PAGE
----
Carnegie Mellon University
September 20, 2017

Chasing the Secrets of Internal Cell Organization

Jocelyn Duffy

JPC coverThe classical theory of membrane elasticity was developed by Helfrich about 40 years ago: it models a membrane as a structureless fluid surface whose energy is determined solely by geometry. But if we look more closely, we find that it matters how the lipids organize in those leaflets: in particular, their relative orientation with respect to the surface normal, their “tilt”, contributes to the elastic energy. Almost twenty years ago, Hamm and Kozlov [Eur. Phys. J. E 3, 323 (2000)] found a systematic way to include lipid tilt into membrane elasticity, and their theory has been very widely used ever since. However, CMU physics graduate student Mert Terzi and his advisor Markus Deserno recently discovered that this theory misses an important piece: a contribution to the energy that had been ignored—but shouldn’t have. In a recent publication that was featured on the cover of The Journal of Chemical Physics [J. Chem. Phys. 147, 084702 (2017)], they correct this mistake and explore the implications of this correction.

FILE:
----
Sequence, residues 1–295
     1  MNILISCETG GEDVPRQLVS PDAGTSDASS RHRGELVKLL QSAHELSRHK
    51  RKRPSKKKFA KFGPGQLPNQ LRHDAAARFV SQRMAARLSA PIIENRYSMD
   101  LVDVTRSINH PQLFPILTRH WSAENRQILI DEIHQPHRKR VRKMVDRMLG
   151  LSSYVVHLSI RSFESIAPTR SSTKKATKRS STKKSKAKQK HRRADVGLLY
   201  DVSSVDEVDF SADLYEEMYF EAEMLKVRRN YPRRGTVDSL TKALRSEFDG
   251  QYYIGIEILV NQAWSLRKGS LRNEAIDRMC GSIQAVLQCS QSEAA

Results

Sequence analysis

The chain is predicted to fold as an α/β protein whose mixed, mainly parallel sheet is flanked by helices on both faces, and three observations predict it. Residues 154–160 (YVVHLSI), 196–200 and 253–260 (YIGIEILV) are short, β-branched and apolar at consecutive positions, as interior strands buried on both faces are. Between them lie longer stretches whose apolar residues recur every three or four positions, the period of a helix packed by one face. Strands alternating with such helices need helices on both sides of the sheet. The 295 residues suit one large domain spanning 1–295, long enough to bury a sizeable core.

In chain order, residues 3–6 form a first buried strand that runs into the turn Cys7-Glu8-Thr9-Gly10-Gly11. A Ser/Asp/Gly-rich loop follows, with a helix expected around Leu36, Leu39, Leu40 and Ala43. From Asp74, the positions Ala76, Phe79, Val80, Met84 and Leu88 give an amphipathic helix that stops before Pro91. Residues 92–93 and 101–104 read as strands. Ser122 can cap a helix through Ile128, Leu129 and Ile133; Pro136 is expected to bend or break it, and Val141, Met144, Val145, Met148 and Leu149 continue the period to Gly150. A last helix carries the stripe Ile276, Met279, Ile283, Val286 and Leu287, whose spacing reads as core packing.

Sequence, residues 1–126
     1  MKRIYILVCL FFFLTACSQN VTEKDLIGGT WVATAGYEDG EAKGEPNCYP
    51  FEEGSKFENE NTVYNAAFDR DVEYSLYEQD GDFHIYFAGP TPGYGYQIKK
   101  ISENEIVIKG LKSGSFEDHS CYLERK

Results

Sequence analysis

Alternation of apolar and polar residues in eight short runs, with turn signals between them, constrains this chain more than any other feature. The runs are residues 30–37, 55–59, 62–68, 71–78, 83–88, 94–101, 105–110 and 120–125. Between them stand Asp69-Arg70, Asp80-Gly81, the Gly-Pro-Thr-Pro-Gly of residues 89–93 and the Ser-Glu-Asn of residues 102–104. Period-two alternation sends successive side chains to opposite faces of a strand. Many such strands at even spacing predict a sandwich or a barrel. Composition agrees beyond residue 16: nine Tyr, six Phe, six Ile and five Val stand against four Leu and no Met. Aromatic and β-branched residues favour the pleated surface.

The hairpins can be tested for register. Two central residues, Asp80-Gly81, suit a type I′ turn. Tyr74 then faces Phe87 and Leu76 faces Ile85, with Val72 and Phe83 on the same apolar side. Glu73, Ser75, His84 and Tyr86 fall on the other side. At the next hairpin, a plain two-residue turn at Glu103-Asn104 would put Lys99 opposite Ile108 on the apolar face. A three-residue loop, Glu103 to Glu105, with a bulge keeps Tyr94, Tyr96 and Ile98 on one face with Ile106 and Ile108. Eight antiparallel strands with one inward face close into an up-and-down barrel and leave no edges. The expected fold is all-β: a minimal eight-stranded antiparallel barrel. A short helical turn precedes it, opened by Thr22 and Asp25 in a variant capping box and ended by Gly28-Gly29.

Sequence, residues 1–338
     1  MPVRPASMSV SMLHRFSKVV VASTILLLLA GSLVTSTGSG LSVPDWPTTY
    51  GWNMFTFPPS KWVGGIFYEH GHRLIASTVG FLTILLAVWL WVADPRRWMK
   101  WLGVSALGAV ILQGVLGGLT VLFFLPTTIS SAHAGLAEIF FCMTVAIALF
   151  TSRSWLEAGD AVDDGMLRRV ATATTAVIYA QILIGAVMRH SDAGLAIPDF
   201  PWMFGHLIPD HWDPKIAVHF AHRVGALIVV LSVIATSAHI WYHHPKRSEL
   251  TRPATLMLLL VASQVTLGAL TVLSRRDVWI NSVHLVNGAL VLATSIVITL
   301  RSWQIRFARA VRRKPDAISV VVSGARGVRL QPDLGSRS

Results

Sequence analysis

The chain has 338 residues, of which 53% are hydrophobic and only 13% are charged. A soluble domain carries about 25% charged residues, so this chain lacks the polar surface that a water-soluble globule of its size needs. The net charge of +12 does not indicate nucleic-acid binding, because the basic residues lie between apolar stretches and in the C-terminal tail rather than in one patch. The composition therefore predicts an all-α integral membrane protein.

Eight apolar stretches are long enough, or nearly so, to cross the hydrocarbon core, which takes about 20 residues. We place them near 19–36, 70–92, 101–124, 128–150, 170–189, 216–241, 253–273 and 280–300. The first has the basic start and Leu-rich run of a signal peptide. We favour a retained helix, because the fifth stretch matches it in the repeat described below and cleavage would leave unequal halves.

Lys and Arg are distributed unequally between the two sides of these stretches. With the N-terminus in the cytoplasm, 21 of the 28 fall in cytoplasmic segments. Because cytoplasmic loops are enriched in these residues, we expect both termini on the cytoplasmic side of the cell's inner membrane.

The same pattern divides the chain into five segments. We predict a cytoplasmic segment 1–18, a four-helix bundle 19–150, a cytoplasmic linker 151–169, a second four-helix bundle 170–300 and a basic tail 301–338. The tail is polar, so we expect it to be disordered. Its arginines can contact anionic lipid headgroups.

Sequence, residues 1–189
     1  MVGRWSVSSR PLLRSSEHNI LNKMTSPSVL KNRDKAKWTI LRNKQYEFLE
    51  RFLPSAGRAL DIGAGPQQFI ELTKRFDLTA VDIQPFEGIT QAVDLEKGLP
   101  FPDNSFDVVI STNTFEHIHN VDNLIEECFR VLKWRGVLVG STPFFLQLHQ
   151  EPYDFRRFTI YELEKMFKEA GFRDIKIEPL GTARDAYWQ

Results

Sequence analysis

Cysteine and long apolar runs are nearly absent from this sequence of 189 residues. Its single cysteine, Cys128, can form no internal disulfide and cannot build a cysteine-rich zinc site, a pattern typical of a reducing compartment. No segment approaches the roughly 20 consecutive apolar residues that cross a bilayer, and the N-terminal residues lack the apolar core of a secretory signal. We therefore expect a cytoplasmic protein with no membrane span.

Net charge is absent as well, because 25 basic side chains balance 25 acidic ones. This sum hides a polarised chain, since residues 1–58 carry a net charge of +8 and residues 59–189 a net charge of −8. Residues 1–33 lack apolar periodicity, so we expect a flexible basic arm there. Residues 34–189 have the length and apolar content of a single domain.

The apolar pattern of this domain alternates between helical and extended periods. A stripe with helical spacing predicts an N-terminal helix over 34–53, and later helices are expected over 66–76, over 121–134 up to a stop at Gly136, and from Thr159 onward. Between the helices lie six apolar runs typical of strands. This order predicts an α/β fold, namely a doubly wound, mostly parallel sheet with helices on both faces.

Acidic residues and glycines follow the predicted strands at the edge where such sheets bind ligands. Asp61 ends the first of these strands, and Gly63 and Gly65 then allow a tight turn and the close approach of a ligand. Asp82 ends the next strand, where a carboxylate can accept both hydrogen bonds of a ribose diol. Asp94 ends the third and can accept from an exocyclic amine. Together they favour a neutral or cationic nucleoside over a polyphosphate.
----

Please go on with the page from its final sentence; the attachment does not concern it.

The most exciting among numerous consequences is that the revised theory permits a direct measurement of an elastic constant that so far had been largely elusive—the so-called Gaussian curvature modulus. This modulus plays a key role in the significant energy change when membranes break off or rejoin other membranes, i.e., when they change their topology. Previously, the only way to measure this modulus was to experimentally study topology changes, for example when a spherical bubble surrounded by membrane splits into two, but this is technically difficult. In their paper, Terzi and Deserno show that the Gaussian modulus can be inferred from membrane shape fluctuates—instigated by random Brownian motion—and predict it could be measured by a variety of very well established experimental techniques using the framework of the refined theory. Thus, this new exciting development gives researchers a new tool to study the energetic requirements of membrane remodeling, and therefore a new window to study the biophysics of cells.